Hi fh,yeah, nice idea, eh? I've had a closer look at this guy's website and it says the photo was indeed taken in Santa Barbara. Well, actually it was taken in Goleta, but thats about the same (confusingly, UC Santa Barbara is not in Santa Barbara, but in Goleta). Though I have to say, I'm not particularly impressed by his works. The only one I like is the one with the zebra, but that I think I've seen elsewhere before (probably an ad), not exactly the same but very similar. Best,B.
LOL, if one didn't know better one might think that was the suburban equivalent to crop circles. ;-)
The thought the picture arises in me is that it is much harder to establish a symmetry than to break it! The SSB mechanism is really a natural outcome of Nature (the bitch, not the magazine)'s simple laws...
it is much harder to establish a symmetry than to break it! depends on the symmetry. homogeneity is also kind of a symmetry, no? take flour, pour sugar over it, some eggs, cacao. then take a mixer and you easily create perfect symmetry.
Very funny cart knot. It would be even more funny if it had a non-zero self-linking number which you could also create. I vaguely remember this point in Goleta, having spent 6 months there.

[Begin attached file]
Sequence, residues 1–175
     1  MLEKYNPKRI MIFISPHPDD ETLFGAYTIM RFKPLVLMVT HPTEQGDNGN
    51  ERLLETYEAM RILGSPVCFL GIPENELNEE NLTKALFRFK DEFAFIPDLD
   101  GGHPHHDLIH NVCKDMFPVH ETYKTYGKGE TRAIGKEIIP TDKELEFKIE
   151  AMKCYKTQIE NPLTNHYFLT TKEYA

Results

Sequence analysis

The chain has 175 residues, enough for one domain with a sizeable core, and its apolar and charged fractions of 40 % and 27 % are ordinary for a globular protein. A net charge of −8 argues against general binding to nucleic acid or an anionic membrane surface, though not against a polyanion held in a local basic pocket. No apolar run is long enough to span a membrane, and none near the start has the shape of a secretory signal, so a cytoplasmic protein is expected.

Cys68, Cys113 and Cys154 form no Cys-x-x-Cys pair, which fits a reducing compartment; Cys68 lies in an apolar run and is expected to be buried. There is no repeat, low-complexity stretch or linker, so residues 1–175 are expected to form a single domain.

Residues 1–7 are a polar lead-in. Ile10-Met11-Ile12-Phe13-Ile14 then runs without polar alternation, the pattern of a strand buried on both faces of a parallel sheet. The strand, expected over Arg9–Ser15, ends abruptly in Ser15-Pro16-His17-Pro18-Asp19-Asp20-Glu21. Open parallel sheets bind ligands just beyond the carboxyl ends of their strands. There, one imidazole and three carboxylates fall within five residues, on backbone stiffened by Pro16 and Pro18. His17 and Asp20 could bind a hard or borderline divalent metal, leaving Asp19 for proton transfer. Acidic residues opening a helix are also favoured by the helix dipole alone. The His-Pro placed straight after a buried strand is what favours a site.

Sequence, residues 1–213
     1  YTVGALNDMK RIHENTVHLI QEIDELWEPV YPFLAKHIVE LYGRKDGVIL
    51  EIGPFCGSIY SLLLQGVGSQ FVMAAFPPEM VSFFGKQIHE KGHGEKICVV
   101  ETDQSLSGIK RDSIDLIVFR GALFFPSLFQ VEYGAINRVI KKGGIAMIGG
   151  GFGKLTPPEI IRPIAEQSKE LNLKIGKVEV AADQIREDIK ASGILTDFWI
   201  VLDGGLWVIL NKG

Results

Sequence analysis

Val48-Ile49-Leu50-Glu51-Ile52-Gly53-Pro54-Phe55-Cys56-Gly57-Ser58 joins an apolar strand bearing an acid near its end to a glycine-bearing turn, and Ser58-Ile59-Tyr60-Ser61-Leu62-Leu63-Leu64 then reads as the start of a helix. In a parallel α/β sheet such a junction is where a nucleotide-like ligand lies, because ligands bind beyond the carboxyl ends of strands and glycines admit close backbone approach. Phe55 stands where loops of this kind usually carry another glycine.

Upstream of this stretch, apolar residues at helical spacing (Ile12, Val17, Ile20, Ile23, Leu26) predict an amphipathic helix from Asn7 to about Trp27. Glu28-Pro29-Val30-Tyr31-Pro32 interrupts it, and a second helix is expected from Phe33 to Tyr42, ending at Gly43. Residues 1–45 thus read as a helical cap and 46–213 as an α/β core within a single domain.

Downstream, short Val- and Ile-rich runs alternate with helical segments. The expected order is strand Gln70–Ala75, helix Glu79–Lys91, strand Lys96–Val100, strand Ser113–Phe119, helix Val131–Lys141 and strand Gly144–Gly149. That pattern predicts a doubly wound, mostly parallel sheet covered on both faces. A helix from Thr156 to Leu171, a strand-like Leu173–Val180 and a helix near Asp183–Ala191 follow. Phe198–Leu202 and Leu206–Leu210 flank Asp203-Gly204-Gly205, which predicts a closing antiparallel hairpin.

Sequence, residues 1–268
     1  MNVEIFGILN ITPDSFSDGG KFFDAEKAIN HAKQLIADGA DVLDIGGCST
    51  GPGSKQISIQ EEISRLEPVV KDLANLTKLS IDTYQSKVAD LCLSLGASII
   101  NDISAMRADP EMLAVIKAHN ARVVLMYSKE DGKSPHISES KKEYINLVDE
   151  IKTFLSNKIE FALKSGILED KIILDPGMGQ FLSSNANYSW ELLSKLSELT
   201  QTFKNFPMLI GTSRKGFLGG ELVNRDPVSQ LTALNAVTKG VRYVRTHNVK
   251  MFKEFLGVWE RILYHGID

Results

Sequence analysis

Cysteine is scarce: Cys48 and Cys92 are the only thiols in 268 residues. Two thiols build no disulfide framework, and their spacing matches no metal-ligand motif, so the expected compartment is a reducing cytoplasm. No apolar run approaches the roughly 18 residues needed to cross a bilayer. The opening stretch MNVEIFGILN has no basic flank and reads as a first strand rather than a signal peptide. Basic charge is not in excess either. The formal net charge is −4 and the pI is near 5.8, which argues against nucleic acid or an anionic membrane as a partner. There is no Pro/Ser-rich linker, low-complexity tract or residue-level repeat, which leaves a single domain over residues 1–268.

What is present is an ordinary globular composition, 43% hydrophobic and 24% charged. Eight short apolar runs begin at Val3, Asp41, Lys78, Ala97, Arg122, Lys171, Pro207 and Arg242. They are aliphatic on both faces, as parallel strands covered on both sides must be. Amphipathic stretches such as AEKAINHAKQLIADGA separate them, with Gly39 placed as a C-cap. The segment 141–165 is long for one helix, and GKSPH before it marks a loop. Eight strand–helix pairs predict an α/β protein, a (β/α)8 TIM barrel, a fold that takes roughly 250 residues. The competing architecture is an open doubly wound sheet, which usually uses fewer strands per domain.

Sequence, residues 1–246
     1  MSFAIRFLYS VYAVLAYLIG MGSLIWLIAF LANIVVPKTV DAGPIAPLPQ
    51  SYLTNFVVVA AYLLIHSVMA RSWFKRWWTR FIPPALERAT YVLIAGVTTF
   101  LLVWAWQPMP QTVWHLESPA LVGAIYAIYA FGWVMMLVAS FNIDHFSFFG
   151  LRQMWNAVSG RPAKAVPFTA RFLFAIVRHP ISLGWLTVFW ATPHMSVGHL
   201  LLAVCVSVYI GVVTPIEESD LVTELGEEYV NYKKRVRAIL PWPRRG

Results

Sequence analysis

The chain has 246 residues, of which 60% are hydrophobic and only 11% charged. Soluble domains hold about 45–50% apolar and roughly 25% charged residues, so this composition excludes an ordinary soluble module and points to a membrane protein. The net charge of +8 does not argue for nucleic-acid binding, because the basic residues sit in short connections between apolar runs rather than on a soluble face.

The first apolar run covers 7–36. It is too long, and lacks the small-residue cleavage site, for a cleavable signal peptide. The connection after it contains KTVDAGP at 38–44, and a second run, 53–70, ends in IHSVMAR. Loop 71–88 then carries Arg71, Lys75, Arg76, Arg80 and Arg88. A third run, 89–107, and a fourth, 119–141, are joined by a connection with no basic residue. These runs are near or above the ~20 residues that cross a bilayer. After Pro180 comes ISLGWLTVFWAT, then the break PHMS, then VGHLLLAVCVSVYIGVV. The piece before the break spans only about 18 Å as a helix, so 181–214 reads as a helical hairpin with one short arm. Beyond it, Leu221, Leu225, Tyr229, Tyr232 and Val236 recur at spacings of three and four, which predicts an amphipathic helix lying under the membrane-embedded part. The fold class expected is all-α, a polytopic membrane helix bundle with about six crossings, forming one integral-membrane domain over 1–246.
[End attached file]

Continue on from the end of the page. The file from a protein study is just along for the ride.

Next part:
actually it was taken in Goleta, but thats about the same (confusingly, UC Santa Barbara is not in Santa Barbara, but in Goleta). one could also say there isn't much to Goleta besides UCSB
Hi Bee, shopping trolleys designed to be stacked neatly one into another, create a 'perfect' circle.I wonder if the ability of trolleys neatly stacked (like links) into a circle was included in theoriginal 'design' or is just a random consequence of the design
Hi Quasar,I doubt that the trolleys were designed to be put in a circle, but rather in a row. It makes me wonder if there's a natural curvature for the circle of carts. Putting them together this way does probably not work with any radius. Best,B.
Hi Bee,I know the trolleys were designed to be stacked in a (straight) row rather than a circle.But clearly for them to be able to form a perfect circle (within certain parameters and radii) must be inherent (even if not conscious or deliberate) in the design - or could be dismissed as simply random coincidence.One could have probably easily worked out mathematically how many trolleys it would take for the curvature to form a circle - but I think it is so much more elegant to 'see' it
Hi Bee! Please don't tell me this is a new spin on crop circles! Best, Cynthia
Post a Comment